Talk with him though if you think he's giving you personally a hard time, or get someone else to. He sounds a little socially awkward if he's trying to tell you to get the sin of lust... for whatever reason.

True, Torag is definitely Lawful Good and not Lawful Nice, but I wouldn't call for a fall over accepting a surrender, especially for a first offense. And I wasn't offended at being given a hard time. I'm more concerned with lore consistency. I think we'll talk with him after the session this Friday, regardless of how it goes and let him know that he can change his patron deity if he wants without consequence, but that in future sessions he'll be held to the tenets of whatever deity (if any) he chooses and that consequences for falling can be really critical.

shiiktan wrote:

Wait, so he was trying to seduce someone mid-fight?

He thought that by brandishing his "lance" for SIX SECONDS he could get an evil opponent so hot that they would stop attacking?

Forget Paladin Ethics 101, this guy needs Women's Studies.

Yeah... I was definitely NOT the DM in that situation. The pally then tried to give me a hard time, as I was the only female at the table. He didn't seem to understand that you can be as suave as Fred Astaire, but not even a natural 20 on your diplomacy check will endear you to me, much less get you laid.

Though, he actually wields a lance. He didn't actually drop his pants - it was just jokes being made in character. He was a bit more poetic when trying to convince the Derro to come down from above us and "shelter in his arms" I think is what he said. But it wasn't done in a surrender-and-we-will-not-harm-you way. Especially when he decided that my wizard should come along for the Shard of Lust specifically so he could make me touch it and get the corresponding curse.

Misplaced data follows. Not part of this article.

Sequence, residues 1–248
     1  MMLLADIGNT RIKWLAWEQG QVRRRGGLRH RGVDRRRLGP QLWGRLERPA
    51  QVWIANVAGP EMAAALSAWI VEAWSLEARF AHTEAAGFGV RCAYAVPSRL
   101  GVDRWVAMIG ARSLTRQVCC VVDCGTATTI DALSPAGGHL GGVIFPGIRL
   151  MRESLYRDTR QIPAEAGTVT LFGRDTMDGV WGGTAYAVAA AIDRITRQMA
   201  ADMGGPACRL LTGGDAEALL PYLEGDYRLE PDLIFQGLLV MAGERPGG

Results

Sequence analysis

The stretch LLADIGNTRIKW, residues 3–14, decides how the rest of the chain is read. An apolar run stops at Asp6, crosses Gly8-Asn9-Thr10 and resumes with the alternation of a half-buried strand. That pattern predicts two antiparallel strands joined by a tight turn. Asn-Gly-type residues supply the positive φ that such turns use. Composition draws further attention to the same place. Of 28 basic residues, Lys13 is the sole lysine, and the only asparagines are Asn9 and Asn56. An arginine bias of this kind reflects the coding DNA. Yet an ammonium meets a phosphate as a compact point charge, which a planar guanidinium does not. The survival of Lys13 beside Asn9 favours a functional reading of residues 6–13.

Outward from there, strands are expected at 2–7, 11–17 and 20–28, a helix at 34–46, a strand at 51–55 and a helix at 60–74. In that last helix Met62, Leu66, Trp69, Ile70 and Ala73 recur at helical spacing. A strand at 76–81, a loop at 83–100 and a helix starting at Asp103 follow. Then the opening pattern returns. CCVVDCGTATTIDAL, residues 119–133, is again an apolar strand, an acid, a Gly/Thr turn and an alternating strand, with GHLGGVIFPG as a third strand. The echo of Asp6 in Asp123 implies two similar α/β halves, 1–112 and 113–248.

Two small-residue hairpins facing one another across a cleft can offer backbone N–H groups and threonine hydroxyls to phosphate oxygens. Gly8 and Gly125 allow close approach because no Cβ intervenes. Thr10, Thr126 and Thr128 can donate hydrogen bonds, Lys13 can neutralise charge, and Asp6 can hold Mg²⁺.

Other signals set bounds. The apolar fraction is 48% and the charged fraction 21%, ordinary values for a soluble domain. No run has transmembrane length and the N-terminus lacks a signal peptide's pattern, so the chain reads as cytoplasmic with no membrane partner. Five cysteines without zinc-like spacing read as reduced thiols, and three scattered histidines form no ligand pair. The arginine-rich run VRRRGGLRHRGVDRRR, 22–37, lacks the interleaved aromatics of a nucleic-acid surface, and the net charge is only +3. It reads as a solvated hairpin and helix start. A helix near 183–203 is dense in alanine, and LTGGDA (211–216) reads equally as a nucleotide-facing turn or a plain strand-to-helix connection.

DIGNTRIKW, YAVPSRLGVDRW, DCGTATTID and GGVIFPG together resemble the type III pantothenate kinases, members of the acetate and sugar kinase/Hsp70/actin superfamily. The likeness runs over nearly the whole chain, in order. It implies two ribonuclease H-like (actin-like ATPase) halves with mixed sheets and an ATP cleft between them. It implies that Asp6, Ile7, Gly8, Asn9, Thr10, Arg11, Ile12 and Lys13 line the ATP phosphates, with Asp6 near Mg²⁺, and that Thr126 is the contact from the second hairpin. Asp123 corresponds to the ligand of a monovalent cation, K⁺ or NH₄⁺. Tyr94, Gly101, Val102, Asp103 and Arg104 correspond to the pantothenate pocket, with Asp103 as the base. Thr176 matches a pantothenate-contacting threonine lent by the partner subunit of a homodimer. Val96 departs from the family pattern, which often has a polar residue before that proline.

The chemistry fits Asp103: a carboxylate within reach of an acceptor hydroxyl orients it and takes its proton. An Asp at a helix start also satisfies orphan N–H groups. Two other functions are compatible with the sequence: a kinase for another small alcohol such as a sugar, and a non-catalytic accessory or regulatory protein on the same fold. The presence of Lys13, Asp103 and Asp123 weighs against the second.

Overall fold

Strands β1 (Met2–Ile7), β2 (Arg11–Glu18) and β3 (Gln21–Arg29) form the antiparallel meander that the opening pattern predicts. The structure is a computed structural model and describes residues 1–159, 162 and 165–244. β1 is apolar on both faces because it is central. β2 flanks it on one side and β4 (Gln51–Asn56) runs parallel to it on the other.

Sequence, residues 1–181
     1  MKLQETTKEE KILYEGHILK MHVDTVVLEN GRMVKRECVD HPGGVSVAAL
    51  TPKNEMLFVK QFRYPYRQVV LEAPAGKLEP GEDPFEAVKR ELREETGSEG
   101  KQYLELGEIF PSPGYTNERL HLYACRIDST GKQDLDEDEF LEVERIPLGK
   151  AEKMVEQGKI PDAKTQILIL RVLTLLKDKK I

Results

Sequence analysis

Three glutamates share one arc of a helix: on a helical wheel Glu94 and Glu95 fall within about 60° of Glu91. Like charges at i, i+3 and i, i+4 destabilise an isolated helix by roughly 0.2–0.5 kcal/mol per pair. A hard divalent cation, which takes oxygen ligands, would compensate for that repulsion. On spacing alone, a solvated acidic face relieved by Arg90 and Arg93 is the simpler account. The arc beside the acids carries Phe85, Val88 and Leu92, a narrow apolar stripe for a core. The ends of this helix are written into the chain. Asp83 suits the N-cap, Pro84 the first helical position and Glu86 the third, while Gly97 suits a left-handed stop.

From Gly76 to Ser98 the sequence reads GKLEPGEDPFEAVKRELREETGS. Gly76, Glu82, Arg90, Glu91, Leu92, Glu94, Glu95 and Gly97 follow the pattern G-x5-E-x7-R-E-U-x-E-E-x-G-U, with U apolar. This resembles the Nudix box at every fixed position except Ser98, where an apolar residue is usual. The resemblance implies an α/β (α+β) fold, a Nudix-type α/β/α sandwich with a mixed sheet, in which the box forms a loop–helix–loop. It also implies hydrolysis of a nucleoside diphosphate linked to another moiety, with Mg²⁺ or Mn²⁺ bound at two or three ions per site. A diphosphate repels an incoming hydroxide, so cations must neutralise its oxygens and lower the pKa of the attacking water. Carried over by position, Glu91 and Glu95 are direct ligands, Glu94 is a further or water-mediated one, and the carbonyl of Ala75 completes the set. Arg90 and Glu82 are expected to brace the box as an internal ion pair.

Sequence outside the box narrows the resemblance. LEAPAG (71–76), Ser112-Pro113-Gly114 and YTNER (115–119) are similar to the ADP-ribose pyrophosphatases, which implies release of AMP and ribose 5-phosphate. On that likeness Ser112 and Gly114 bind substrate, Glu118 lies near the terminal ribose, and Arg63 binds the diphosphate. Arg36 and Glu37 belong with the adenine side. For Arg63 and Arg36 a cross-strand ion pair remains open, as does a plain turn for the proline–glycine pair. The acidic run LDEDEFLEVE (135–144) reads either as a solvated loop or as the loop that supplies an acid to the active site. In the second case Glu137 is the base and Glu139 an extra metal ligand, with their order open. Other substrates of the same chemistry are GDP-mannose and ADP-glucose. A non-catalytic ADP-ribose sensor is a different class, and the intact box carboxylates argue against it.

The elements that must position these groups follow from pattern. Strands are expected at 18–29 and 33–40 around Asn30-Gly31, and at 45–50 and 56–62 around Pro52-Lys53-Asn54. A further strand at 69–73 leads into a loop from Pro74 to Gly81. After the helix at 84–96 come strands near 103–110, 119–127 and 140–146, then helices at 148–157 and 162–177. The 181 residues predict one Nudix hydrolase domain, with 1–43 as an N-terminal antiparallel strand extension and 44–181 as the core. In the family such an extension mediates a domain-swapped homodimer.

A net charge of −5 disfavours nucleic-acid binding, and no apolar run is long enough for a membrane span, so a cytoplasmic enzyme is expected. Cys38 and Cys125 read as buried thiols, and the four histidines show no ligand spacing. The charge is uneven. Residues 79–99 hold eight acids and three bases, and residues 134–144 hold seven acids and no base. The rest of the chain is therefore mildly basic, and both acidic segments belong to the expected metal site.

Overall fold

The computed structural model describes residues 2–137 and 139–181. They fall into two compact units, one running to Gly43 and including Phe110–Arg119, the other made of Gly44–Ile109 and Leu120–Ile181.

I think our conclusion for now is to have him visited in a dream and given a warning, along with a quest to make sure nobody is cursed by the Shard of Lust that they're going to retrieve, along with a warning that if he continues down the path he stepped toward that he will lose mojo. He'll have several interactions on this next stage of the adventure path that involve female NPCs, and I plan on dropping in some Torag-friendly things he can do, like the abandoned forge that someone mentioned, to start encouraging him to do some research on his deity to help him roleplay more effectively. So if he tries to seduce the women he runs into instead of staying focused on strategy, and mission completion, he can lose some mojo mid-adventure. Then if he hits other checkpoints, he can regain it.

sowhereaminow wrote:
This looks like more of a warning situation than a punishment one. If he continues to act that way, then yes, power loss or reduction is a viable option. Power loss at this stage is probably overkill, and may discourage future paladin play.

Yeah, that was my initial thought, but we don't want to drive away other players that aren't comfortable with that kind of behavior at the table while potentially letting him continue this path.

MrSin wrote:
Talk to him about Torag, but don't just force him or make him fall. Its entirely possible he doesn't see things the same way you do, and won't take punishment well because he won't see that he has done a thing wrong. If its all in good fun in the moment its a big bleh to make him fall, and its hard to see that its awkward to others sometimes when your on the smiling end. Mutual communication is important.